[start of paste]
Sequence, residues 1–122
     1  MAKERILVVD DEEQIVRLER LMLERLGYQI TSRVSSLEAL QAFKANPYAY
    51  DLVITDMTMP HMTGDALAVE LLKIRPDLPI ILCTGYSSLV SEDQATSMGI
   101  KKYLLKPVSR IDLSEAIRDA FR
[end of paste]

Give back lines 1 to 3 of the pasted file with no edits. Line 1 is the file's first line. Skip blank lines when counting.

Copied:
Sequence, residues 1–122
     1  MAKERILVVD DEEQIVRLER LMLERLGYQI TSRVSSLEAL QAFKANPYAY
    51  DLVITDMTMP HMTGDALAVE LLKIRPDLPI ILCTGYSSLV SEDQATSMGI